Tahiyya Lulu explains how, "Bahrain's regime has driven a wedge between Sunnis and Shias with its denial of civil rights and promotion of economic disparity".
Describing a pro-government demonstration in Bahrain last week, Michael Slackman wrote in the New York Times that it was an affluent crowd, very different from the mostly low-income Shia who were protesting against the government. "The air was scented with perfume, and people drove expensive cars," he said.
While local and international media talk repeatedly about Bahrain's sectarian divide, demonstrators on both sides insist there is Shia-Sunni unity. So what, exactly, is going on?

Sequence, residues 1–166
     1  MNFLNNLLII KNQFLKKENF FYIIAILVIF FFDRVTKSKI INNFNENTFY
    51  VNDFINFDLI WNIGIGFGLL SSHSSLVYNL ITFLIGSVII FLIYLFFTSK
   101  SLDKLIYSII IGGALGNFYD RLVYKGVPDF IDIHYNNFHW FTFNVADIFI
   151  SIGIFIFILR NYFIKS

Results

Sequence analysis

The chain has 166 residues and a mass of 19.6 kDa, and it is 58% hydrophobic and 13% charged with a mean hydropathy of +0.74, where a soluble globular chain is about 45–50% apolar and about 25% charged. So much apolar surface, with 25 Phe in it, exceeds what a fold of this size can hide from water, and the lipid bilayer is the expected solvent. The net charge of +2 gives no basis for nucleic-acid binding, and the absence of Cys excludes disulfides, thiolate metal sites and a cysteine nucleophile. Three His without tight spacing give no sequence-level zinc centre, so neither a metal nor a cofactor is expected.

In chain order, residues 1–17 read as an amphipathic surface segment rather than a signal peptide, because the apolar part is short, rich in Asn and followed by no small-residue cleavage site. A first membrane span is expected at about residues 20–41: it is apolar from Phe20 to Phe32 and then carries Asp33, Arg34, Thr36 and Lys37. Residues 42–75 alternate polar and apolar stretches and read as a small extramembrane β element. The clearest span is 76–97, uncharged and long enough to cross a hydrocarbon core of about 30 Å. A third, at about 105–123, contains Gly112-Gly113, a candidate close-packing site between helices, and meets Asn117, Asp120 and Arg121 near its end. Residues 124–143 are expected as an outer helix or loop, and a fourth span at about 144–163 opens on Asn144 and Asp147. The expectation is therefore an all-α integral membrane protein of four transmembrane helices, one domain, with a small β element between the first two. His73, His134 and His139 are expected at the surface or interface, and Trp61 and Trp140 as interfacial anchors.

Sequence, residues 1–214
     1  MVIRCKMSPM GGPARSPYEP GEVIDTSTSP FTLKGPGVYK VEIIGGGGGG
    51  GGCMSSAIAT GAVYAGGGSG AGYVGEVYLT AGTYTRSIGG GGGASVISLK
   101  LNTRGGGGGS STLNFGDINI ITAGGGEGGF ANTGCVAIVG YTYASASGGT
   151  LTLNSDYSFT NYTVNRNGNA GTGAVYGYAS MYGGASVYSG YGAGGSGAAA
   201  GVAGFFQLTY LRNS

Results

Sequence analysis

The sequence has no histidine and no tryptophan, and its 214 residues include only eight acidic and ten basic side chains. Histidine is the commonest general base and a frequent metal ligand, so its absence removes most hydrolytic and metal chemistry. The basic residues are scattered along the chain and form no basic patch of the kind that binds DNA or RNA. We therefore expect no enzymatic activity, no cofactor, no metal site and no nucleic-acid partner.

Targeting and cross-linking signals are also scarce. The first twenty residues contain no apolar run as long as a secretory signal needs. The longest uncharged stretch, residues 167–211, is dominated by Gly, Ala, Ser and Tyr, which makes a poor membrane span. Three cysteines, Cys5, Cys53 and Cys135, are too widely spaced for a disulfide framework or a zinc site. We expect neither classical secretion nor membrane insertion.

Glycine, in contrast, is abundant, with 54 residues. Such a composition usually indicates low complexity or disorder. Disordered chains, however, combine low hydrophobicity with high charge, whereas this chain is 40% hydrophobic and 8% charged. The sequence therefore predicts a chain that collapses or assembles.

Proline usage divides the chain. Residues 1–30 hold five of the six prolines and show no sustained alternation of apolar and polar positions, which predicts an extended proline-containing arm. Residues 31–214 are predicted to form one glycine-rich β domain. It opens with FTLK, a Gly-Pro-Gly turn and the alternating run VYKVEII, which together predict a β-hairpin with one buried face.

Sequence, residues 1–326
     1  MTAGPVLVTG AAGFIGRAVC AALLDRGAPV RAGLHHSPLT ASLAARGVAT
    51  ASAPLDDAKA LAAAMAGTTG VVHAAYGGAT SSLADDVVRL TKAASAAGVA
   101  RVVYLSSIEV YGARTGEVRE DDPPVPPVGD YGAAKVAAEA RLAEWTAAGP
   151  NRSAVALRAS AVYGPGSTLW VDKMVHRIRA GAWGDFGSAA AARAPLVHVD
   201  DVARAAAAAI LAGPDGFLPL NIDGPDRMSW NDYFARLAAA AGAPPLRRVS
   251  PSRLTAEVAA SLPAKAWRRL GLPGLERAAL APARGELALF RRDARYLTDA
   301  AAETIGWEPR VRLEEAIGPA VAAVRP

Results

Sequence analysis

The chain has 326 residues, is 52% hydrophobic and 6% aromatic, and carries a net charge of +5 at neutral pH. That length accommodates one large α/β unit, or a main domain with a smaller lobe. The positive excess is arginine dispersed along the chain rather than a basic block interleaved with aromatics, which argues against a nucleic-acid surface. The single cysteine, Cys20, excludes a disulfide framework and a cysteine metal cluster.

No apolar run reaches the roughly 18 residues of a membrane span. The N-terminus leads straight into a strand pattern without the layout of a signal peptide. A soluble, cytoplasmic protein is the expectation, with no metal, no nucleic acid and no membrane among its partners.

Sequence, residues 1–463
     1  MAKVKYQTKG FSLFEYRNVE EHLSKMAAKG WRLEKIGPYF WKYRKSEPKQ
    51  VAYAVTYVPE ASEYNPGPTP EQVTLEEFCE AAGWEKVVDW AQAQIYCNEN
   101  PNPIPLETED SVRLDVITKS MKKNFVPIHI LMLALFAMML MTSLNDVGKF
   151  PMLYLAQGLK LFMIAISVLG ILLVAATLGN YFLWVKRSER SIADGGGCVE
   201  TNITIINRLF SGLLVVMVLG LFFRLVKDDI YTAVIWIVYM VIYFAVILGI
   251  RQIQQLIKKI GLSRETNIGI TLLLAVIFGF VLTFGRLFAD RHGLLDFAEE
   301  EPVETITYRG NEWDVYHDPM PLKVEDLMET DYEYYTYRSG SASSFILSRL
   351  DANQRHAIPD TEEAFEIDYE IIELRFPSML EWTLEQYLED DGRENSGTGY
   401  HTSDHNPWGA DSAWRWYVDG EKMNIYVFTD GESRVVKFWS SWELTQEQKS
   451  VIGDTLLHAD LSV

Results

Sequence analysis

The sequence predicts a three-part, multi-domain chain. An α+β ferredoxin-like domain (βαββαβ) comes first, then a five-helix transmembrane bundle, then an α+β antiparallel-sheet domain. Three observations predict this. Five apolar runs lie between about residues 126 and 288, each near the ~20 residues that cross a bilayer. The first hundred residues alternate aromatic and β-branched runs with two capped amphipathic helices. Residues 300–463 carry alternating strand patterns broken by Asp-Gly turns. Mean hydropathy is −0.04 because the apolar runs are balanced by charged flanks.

First, some facts. The majority of Bahrainis – about 70% – are Shia, and the majority of pro-reform/anti-government demonstrators at the Pearl Roundabout are Shia. It is true, also, that Bahrain is ruled by a Sunni royal family, and that the majority of participants at pro-government rallies appear to be Sunnis.
This is not to say that all Bahraini Sunnis are rich or that being Shia is always synonymous with being poor. As many commentators will point out, Bahrain is home to economically powerful Shia families and high-ranking Shia government officials.
But the facts of the matter speak for themselves. Corruption, crony capitalism and a lack of transparency add up to uneven development and a vast disparity in wealth. By and large, Bahrain's Shia are losing out in the country's economic boom.